Investigators find missing parts of Southwest engine that exploded

  • The National Transportation Safety Board has released two new photos that depict portions of the engine that exploded on a Southwest Airlines flight from New York to Dallas on Tuesday.
  • Earlier on Wednesday, the agency said it is looking for photos and videos of the Southwest Airlines Boeing 737.
  • If you have photos or videos of the flight, you can send them to [email protected]

The National Transportation Safety Board has released two new photos that depict portions of the engine that exploded on a Southwest Airlines flight from New York to Dallas on Wednesday.

In the photos, which were posted to one of the agency’s Twitter accounts, fragments of the engine’s cowling (which is the engine’s exterior), are shown lying on the ground in an unidentified location. The NTSB didn’t say who took or sent the agency the photos but implied the photographer was part of “the general public” and not a member of the agency.

Earlier on Wednesday, the agency said it’s looking for photos and videos of the Southwest Airlines Boeing 737.

“If you have video, photos regarding the Southwest Airlines engine failure, please contact NTSB; [email protected],” the agency wrote on one of its Twitter accounts.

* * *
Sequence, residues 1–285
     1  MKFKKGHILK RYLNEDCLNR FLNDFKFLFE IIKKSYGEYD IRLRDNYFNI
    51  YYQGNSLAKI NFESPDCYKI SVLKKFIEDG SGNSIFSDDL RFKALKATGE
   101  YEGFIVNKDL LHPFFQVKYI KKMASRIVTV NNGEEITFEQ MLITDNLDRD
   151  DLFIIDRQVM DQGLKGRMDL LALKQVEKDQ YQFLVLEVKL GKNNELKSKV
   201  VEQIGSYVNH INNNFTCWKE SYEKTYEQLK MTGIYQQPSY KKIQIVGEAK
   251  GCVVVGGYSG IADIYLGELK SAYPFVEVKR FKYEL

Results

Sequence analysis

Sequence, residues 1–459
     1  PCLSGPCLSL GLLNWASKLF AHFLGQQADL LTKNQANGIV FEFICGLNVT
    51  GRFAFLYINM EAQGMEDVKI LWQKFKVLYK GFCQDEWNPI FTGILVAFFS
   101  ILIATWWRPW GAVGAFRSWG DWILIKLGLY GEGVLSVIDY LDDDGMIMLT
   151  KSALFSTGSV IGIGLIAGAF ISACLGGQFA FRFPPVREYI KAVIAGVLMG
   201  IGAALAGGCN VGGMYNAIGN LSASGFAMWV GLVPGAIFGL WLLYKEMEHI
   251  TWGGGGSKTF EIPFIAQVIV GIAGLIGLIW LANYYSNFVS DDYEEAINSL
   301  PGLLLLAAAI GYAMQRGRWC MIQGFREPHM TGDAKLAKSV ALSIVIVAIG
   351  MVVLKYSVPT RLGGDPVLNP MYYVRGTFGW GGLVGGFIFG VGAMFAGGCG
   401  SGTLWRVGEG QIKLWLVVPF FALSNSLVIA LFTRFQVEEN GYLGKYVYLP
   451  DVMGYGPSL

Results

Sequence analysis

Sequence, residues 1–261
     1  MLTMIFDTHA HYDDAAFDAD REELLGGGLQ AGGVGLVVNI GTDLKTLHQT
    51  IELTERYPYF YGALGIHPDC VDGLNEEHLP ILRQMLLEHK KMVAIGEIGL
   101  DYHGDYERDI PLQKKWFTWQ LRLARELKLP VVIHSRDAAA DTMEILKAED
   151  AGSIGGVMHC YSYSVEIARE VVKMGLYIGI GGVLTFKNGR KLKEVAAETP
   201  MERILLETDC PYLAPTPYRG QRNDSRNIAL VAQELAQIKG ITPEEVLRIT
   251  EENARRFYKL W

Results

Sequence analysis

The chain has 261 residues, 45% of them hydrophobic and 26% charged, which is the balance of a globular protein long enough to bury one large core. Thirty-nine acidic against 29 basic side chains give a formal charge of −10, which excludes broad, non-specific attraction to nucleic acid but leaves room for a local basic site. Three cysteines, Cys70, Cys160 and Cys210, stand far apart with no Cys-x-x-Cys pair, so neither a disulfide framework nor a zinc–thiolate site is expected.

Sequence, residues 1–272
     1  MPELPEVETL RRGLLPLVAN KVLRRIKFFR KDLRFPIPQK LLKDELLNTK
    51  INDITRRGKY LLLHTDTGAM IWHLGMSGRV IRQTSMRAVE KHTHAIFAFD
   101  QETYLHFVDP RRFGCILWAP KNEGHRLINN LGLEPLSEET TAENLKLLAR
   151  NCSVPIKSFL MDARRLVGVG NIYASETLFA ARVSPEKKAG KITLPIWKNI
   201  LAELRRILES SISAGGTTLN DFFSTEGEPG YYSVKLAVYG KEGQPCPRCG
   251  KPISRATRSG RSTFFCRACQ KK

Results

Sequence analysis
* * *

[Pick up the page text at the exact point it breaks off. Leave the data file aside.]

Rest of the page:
Flight 1380 from New York to Dallas had to make an emergency landing in Philadelphia after an engine exploded in mid-air on Tuesday. One passenger died on the flight and seven were injured, according to Southwest. The Associated Press reported that the deceased passenger was 43-year-old Jennifer Riordan.

National Transportation Safety Board chairman Robert Sumwalt said the death was the first on a US passenger airline in over nine years. Prior to Tuesday, the most recent fatal accident came in February 2009 near Buffalo, New York, when an aircraft operated by the now-defunct regional airline Colgan Air crashed and killed 50 people, including 49 on board and one person on the ground.

The NTSB sent a team to Philadelphia to investigate the crash on Tuesday. The agency said a full investigation will take 12-15 months.

On Tuesday, Sumwalt said one of the 24 fan blades on the aircraft’s CFM56 engine had fallen off near the central hub. He said there was evidence of metal fatigue near the area where the blade malfunctioned.

Sumwalt also said Southwest CEO Gary Kelly indicated the airline would immediately start enhanced inspections of the engines on its over 710 Boeing 737 aircraft.

Reuters reported that CFM56 engines had become a point of concern for regulators in the US and Europe. In March, European regulators made an announcement requiring inspections of the engines within nine months of April 2. US regulators were reportedly close to making a similar announcement.

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